Childhood Christmas traditions were as quirky as my family: cans of soup in our stockings, regifting used candles, gift tags that rhymed.
Today, in lockstep with Alzheimers’ relentless march, my mother enjoys simple Christmas traditions. Gingerbread and eggnog. Cards and carols.
On the way to church this morning, we sang along to Rudolph and Silent Night. She knew all the words.
Yet, as I’ve learned in dementia caregiving, memories are excruciatingly arbitrary.
“We MUST get a Christmas tree!” she declared, over coffee and donuts after church. We’d already put one up weeks ago and although she didn’t recognize any of the ornaments from past family Christmases, it’s a comforting symbol of the season.
When we returned to her care home, she noticed the little tree, tinsel twinkling amidst tiny white lights. “Oh, for heaven’s sake!” she said. “Is it Christmas already?”
“They’re hacking my brain!” she exclaimed. “There’s a camera in the ceiling fan recording me. They follow me everywhere!”
You probably think this is about how Alzheimer’s has hijacked my mother’s brain.
But this is a story about my step-daughter.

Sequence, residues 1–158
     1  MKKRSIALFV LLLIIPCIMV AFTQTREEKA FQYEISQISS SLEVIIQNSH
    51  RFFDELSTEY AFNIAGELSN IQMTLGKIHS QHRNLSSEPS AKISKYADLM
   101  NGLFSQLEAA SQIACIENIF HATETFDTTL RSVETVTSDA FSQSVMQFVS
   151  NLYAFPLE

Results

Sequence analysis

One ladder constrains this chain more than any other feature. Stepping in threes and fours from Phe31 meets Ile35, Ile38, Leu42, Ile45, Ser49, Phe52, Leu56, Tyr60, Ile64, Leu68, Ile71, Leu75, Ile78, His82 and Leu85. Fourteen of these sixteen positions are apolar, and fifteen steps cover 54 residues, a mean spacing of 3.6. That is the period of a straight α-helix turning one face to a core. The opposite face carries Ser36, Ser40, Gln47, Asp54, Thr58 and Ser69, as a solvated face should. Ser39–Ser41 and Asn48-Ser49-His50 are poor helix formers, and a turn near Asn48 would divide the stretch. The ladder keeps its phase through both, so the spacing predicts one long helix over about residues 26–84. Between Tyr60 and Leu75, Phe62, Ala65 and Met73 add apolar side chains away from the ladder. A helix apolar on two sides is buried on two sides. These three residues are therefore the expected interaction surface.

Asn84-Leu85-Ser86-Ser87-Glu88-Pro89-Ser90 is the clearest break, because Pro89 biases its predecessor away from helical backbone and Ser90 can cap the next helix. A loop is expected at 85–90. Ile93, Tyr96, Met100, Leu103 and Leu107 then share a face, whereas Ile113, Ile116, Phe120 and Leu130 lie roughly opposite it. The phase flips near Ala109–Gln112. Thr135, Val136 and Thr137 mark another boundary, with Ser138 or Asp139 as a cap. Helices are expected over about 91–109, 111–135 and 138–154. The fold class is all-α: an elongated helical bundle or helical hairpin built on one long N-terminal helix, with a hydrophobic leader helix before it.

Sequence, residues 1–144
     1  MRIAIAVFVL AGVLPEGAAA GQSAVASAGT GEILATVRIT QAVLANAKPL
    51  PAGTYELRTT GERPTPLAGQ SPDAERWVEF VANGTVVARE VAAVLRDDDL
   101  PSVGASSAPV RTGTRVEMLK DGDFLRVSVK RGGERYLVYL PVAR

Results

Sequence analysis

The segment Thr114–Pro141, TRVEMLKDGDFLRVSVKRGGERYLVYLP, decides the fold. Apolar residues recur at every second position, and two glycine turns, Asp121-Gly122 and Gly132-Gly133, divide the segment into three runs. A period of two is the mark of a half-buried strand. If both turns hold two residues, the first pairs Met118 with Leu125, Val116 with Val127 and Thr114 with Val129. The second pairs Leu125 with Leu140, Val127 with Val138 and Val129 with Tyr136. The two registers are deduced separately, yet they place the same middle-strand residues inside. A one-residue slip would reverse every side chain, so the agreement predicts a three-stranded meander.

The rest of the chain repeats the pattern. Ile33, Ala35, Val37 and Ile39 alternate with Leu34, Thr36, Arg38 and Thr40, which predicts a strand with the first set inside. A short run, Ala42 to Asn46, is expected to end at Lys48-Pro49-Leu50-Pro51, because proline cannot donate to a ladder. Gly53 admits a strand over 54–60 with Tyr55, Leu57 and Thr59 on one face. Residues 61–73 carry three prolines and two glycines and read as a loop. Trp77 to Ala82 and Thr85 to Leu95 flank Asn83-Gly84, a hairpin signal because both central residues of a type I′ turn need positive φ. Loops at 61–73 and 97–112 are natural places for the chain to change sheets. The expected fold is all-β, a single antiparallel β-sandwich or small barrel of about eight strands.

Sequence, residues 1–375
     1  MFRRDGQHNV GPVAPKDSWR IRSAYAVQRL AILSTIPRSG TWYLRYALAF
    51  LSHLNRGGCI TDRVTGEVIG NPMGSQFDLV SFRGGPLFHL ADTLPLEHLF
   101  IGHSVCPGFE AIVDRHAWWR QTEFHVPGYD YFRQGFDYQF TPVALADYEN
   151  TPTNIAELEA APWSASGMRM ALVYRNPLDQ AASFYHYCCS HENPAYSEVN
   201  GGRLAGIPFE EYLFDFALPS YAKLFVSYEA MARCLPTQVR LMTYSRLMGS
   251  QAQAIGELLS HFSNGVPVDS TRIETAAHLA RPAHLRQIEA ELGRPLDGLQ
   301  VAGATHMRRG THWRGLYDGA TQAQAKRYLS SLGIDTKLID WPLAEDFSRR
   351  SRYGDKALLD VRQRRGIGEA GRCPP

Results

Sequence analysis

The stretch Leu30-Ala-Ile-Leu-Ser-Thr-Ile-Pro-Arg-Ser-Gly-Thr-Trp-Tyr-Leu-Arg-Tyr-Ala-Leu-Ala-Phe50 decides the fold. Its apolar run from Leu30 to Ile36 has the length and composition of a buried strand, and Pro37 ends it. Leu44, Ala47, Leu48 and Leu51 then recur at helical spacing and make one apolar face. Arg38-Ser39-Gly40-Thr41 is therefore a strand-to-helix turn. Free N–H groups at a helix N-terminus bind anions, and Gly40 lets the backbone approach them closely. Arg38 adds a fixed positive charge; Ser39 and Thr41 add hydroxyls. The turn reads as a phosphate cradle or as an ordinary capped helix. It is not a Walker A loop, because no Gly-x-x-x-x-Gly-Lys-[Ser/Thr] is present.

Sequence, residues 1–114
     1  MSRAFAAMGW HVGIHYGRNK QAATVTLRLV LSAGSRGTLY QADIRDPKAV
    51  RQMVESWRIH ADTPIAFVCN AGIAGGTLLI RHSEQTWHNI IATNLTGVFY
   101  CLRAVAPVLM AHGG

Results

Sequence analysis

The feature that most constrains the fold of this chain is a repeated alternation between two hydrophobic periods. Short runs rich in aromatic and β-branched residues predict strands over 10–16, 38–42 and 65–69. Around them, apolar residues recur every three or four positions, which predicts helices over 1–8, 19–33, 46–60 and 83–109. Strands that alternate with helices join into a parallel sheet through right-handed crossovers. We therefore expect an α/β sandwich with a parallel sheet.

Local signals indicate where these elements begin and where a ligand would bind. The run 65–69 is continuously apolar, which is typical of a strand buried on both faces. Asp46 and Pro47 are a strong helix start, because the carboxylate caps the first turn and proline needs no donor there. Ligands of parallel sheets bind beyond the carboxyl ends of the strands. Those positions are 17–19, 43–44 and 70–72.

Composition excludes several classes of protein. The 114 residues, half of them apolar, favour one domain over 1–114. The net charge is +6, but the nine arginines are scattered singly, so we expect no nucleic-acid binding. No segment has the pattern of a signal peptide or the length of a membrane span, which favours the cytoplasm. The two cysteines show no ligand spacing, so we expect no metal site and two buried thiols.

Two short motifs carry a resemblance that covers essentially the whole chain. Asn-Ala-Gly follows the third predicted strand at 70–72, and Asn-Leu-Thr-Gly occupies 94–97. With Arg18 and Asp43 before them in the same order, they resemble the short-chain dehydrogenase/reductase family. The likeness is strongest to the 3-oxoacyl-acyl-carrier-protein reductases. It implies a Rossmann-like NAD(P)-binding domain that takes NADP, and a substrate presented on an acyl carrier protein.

My mother’s had her share of delusions. The man in the closet wearing her high heels. Being held prisoner in the cellar with illegal immigrants. She’s never owned heels. Her memory care home has one level.
Both women have a brain disease. Last week, one chose to end her life. The disease became too real: sanity was elusive; treatment refused.
She’s losing her ability to write. She’s losing her ability to read. She’s losing words and lipsticks and jackets and purses.
And I’m losing it.
“They’re stealing clothes from my room,” my mother laments. “And they throw out my magazine when I’m not looking.”
I wanted to believe her, but I know this is just another way Alzheimer’s robs my mother of rational thinking. “Let me take a look,” I say, and give her a hug. Over the years, I’ve become a stand-in for Saint Anthony in finding mom’s lost objects. The religious magazine she’s talking about is stashed at the back of her nightstand. Again.
At a workshop I attended last week, dementia expert Teepa Snow told us this: “If the same thing is missing three times in a row, it’s usually because it’s causing fear.”
Suddenly, I realized mom was hiding that magazine because the words had become terrifying.
I made copies of the articles she likes, and now, while she holds her magazine, I read it aloud. She may not comprehend the words, but reading still brings her comfort. And together, it’s not so scary.